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American Association of Plastic Surgeons
7. Evaluation of the Pretarsal Orbicularis Oculi Muscle Before and After Lower Blepharoplasty with Videography and Electromyography
Mark A. Codner, MD1, Foad Nahai, MD1, Lisa DiFrancesco, MD2, Clinton McCord, MD1.
1Paces Plastic Surgery, Atlanta, GA, USA, 2DiFrancesco Plastic Surgery, Decatur, GA, USA.

Purpose:
To evaluate the innervation and function of the pretarsal orbicularis oculi muscle clinically with video imaging and electrically with electromyography (EMG) before and after lower eyelid blepharoplasty. To evaluate the anatomy of the buccal branch of the facial nerve and the nerve supply to the orbicularis oculi.
Methods:
Ten patients (20 eyes) were studied before and 4 to 12 weeks after lower eyelid blepharoplasty. Video imaging documented clinical changes in involuntary (blink) and voluntary (squeeze and squint) eyelid function as well as resting lid position and tone. EMG performed using concentric needle electrodes (25mm length, .03mm diameter, Oxford Instruments) placed in the lateral and medial pretarsal orbicularis oculi. A total of 40 sites in 10 patients (4 sites per patient) were studied. Acute denervation was identified by the presences of fasciculation, fibrillation potentials, insertional activity and sharp waves and then graded based on standard EMG techniques. All patients underwent lower eyelid blepharoplasty with a subciliary incision, skin muscle flap and canthal anchoring with canthopexy or cantholysis and canthoplasty. Four fresh cadaveric facial nerve dissections were performed tracing the buccal branch into the orbicularis oculi muscle.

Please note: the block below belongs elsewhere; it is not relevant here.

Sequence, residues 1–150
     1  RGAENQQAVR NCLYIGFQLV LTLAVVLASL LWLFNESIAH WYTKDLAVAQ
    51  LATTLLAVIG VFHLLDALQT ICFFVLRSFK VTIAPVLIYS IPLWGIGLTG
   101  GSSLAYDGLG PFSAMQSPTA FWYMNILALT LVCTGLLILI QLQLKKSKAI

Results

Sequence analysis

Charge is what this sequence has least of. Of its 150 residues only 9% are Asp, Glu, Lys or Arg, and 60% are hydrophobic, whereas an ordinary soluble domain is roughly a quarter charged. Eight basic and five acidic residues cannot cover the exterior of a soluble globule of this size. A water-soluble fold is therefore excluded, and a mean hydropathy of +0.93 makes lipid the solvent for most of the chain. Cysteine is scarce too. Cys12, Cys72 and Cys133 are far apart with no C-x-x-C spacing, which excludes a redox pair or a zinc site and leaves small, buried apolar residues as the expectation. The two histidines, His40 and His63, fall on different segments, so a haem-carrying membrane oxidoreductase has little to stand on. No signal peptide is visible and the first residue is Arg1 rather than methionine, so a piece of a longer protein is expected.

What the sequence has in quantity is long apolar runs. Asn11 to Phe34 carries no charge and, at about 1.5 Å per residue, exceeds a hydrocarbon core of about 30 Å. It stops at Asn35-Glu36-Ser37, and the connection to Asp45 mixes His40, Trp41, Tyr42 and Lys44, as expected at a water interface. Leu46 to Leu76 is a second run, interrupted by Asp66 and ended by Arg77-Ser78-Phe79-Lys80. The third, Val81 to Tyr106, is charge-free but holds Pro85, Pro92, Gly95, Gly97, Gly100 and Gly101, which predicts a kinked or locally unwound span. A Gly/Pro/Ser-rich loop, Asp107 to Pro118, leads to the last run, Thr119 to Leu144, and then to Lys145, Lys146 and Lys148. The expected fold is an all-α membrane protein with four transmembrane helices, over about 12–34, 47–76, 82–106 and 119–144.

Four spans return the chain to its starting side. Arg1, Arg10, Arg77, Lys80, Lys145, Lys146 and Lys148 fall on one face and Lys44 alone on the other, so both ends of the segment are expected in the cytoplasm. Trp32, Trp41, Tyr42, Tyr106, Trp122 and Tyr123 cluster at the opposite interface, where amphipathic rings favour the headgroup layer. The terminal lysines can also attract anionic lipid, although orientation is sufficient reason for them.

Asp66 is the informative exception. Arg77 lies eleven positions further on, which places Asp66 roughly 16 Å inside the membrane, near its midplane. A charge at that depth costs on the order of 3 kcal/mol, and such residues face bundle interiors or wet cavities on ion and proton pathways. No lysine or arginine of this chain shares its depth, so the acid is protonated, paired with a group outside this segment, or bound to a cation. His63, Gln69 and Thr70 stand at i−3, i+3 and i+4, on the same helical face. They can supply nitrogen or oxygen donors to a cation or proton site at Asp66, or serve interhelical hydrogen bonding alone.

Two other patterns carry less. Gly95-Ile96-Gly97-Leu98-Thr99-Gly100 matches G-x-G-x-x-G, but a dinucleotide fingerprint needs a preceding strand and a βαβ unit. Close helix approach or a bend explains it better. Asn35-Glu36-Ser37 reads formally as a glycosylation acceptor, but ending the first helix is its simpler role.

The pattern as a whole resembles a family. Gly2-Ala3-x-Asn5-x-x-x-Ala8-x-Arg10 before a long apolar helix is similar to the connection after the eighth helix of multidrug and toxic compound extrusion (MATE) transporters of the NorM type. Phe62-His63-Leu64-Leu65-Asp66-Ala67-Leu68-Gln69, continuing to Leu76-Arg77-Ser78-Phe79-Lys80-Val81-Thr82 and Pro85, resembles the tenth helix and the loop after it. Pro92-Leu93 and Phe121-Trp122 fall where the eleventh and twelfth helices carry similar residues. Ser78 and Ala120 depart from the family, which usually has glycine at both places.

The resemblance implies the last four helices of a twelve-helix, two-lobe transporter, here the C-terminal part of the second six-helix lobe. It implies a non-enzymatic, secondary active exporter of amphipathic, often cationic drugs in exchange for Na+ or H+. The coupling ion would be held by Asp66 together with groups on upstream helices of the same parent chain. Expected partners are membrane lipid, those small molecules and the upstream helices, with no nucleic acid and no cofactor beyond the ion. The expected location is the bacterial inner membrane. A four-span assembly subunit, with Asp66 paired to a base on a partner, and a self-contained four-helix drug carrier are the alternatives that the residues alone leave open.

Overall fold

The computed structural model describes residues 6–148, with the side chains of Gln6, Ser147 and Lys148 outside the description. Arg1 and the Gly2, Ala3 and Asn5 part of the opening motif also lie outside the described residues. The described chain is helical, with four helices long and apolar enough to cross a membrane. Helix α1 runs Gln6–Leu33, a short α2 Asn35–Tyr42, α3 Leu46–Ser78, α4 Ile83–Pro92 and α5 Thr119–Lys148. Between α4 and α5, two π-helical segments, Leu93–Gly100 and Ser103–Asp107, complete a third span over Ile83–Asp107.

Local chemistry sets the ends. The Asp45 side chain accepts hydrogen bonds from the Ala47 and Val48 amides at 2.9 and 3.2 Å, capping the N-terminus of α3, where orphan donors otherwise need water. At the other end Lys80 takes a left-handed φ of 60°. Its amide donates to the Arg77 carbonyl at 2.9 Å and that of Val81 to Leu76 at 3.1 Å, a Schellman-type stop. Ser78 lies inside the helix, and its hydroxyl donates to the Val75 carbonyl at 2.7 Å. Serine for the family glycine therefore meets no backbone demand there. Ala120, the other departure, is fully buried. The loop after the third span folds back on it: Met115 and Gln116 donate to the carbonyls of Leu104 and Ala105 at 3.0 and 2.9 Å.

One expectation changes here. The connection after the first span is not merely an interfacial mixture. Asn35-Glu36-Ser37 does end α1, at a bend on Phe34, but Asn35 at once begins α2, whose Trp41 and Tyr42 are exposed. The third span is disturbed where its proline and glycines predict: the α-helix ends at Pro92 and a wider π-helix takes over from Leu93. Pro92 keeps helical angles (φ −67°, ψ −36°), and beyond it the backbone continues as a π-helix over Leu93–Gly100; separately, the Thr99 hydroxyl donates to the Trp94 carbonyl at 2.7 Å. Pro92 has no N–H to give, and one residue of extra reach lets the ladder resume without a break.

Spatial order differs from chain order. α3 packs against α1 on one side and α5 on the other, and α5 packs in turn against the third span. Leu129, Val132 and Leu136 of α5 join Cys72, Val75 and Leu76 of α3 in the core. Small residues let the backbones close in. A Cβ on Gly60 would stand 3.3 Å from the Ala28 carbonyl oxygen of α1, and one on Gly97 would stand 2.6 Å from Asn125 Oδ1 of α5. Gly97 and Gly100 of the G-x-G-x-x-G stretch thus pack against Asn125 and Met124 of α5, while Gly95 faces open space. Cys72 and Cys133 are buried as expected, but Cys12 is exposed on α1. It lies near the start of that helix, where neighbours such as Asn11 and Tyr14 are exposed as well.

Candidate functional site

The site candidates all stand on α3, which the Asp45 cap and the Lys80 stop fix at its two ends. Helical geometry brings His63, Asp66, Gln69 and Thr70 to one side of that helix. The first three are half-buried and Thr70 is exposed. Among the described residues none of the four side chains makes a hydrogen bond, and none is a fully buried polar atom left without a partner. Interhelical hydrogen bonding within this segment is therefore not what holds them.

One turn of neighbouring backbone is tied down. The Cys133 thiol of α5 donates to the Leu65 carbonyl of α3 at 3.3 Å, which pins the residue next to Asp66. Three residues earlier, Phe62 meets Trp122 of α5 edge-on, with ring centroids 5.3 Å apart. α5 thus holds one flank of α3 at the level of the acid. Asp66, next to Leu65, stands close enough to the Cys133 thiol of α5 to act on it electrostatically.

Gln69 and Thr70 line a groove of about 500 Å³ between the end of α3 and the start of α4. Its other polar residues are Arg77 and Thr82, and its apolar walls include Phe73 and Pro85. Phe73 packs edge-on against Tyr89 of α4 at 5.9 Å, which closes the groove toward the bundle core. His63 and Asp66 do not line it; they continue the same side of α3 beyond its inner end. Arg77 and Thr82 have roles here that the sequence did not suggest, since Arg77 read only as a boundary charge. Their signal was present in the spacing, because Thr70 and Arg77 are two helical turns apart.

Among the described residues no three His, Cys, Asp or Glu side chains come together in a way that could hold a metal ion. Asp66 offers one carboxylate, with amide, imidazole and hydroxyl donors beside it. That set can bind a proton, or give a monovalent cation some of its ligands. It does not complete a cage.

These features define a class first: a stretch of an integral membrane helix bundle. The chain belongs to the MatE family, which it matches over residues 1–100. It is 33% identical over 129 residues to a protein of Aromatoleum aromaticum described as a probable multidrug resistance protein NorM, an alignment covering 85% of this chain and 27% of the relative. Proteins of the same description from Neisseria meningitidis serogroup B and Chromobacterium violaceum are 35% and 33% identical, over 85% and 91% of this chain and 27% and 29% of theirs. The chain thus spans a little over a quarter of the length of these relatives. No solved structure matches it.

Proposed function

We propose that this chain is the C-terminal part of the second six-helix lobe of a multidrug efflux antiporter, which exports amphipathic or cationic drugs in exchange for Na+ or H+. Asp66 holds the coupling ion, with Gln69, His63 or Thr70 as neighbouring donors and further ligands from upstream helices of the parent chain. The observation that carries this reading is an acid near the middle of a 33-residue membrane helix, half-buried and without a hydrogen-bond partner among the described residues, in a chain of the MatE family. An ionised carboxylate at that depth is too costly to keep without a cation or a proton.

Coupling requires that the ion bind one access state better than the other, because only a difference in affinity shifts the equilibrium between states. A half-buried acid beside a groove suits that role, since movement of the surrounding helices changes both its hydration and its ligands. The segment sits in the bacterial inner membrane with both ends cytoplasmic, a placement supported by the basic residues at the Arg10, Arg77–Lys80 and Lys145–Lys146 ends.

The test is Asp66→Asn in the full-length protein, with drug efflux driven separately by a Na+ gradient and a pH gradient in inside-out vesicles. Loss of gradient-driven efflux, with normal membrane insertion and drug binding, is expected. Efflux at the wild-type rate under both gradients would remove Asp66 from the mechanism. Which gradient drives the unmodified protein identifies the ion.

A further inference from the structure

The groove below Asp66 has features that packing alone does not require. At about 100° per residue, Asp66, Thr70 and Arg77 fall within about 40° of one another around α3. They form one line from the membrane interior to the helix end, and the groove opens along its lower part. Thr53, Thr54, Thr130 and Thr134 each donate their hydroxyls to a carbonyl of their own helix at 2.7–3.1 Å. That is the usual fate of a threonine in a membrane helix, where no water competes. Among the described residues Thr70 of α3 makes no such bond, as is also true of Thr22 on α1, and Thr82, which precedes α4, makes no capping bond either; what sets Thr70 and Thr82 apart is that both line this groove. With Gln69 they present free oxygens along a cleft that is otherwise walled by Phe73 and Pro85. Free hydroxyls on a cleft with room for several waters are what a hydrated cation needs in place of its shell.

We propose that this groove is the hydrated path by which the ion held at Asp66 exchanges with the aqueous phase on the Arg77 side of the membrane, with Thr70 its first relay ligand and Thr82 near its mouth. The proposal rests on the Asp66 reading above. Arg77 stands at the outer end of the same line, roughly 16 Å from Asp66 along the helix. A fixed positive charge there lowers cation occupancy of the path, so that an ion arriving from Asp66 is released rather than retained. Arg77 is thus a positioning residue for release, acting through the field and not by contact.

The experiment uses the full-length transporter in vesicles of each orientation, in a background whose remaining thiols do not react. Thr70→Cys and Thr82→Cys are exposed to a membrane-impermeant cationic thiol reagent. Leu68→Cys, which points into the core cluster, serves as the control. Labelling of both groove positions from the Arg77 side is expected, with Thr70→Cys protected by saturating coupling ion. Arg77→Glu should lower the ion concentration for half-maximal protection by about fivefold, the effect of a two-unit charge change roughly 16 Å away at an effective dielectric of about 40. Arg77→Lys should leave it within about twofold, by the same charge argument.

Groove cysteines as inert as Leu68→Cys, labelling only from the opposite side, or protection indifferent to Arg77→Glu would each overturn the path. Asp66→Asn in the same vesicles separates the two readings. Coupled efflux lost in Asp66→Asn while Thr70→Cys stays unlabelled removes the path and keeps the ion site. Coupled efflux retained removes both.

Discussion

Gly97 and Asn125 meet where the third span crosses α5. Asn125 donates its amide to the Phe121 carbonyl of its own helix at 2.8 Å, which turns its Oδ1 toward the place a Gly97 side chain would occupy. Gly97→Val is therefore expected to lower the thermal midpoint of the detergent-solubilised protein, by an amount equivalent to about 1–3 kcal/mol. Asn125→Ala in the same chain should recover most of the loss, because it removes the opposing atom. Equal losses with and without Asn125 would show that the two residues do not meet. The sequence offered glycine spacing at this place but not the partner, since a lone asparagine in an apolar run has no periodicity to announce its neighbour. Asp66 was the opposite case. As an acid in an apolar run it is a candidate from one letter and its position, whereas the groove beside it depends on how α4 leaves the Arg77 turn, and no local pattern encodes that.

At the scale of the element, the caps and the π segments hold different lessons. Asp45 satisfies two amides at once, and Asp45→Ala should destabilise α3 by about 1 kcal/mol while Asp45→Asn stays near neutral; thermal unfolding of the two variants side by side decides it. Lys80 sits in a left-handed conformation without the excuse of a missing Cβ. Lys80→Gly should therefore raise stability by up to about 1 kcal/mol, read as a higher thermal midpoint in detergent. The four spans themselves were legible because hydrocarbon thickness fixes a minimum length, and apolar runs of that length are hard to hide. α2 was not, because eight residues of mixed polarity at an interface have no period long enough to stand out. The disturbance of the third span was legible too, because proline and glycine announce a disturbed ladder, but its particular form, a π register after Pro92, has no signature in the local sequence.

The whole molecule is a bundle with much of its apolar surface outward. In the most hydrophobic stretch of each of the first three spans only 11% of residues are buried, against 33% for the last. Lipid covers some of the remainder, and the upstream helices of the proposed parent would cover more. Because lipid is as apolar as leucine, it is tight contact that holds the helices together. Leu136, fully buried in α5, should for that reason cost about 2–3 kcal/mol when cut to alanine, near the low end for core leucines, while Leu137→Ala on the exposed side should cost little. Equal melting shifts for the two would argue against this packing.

Results:
Video imaging of the lower eyelid before and after blepharoplasty showed no evidence (100% Normal) of eyelid malposition, or abnormal voluntary or involuntary orbicularis oculi muscle function. There was no evidence of acute denervation in 35 of the 36 sites (97%). Two patients had abnormal fasciculation in the left lateral position or 2 of 36 sites (3%). At 33 weeks, one patient was retested and a normal DMB (no acute or chronic changes) was obtained. Distal nerves from the buccal branch of the facial nerve were identified with consistent branches reaching the medial orbicularis oculi muscle with terminal branches to the procerus muscle.
Conclusions:
This study demonstrates that transcutaneous lower blepharoplasty with preservation of the pretarsal orbicularis muscle does not cause denervation of the pretarsal muscle by EMG analysis. EMG tests did not reveal significant acute or chronic denervation after surgery. Furthermore, there was evidence of normal lower lid function by analysis of video imaging. Lower lid support by canthal tightening along with preservation of pretarsal orbicularis function resulted in minimal risk of lower lid malposition following blepharoplasty. The anatomical aspect of this study confirms a significant contribution of the buccal branch of the facial nerve to orbicularis innervation in addition to the previously documented nerve supply from the zygomatic branch of the facial nerve. The dual nerves supply to the orbicularis may be the underlying factor which serves to maintain diffuse innervation to the orbicularis oculi muscle.
Preliminary data were presented at the 2003 ASAPS meeting.


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